• An itemized list of the estate’s assets

  • Any funds or property received by the estate during its administration

  • All expenses paid by the estate, including payment to the Executor, funeral expenses, taxes, debts, etc.

  • Any distributions to beneficiaries, already made and planned

Beneficiaries have the right to review the accounting. They also have the right to request more information. If they want to see supporting documentation, the executor must provide things like:

  • Receipts

  • Tax returns

  • Account statements

  • Closing statements 

  • Copies of checks

Again, depending on the complexity of the estate, the supporting documentation could be small or could be many files. 

Receipts and releases for executor accounting

In most probate cases, the Executor will prepare an informal accounting for the beneficiaries. Along with the informal accounting (which could be as simple as an Excel spreadsheet), the Executor may include a receipt and release document. 

The beneficiaries will review the accounting and then sign the receipt and release, confirming that they’ve received the accounting and releasing the executor from any future liability with regard to the estate. Be aware, however,  that not every state allows an Executor to condition a beneficiary’s receipt of an accounting or property on signing such a release.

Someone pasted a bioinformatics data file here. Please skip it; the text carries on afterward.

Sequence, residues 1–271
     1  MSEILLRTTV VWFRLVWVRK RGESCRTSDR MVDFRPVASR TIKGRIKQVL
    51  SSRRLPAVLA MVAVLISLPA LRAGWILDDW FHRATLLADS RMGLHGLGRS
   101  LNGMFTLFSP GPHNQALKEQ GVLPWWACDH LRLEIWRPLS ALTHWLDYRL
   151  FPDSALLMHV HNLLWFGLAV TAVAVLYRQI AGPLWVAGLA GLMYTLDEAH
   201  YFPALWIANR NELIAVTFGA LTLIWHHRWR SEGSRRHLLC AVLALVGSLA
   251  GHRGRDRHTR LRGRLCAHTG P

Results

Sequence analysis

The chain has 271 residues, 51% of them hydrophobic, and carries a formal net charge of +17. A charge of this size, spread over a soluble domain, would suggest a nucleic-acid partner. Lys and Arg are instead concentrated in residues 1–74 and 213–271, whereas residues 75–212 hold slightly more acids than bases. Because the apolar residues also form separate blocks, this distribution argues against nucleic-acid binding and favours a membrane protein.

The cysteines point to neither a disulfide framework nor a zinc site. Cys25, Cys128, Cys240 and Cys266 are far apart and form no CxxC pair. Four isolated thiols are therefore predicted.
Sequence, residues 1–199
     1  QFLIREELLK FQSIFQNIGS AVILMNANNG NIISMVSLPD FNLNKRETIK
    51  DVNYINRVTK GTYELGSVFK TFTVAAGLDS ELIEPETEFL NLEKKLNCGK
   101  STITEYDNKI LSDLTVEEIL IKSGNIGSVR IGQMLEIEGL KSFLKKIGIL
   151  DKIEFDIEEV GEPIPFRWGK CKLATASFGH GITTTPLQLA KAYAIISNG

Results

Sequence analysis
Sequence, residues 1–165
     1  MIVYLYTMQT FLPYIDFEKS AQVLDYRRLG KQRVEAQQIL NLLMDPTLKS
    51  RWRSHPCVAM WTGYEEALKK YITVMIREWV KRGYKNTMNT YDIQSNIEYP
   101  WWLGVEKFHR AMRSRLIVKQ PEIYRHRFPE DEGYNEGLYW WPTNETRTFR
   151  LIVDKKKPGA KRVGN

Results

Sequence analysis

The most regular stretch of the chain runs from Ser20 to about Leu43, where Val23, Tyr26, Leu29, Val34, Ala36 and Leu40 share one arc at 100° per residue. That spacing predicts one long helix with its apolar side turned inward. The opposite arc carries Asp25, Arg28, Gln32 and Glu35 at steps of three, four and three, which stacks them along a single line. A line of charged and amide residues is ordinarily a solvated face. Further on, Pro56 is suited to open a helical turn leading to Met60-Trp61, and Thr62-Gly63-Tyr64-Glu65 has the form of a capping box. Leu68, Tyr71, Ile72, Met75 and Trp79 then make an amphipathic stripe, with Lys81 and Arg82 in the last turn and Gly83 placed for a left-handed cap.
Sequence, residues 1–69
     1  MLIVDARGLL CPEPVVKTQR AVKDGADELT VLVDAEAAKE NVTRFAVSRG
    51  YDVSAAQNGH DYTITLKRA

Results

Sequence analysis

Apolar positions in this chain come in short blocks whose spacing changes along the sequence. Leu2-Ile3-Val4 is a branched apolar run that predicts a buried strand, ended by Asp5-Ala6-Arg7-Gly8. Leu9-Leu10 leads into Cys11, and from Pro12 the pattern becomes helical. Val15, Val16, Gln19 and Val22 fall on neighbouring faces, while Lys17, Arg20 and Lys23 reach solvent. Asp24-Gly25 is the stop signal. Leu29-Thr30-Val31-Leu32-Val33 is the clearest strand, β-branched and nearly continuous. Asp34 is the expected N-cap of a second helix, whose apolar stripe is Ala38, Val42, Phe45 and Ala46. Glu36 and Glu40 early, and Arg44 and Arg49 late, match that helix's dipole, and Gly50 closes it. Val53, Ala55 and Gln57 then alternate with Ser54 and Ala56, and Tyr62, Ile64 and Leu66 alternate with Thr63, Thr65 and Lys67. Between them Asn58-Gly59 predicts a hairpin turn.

If the beneficiaries object to the accounting, they can petition the court for additional information. The court may hold a hearing to determine whether there has been fraudulent activity or mismanagement of estate assets. 

The most important thing for you to remember as an executor is to keep thorough and accurate records. Detailed record-keeping can help you avoid questions about your actions during the administration of the estate and will make providing an accounting to beneficiaries relatively straightforward. Do you have an estate plan of your own set up? Here at Trust & Will, we’re here to help you keep the process simple. You can create a fully customizable, state-specific Estate Plan from the comfort of your own home in just 20 minutes. Take our free quiz to see where you should get started, or compare our different estate planning options today!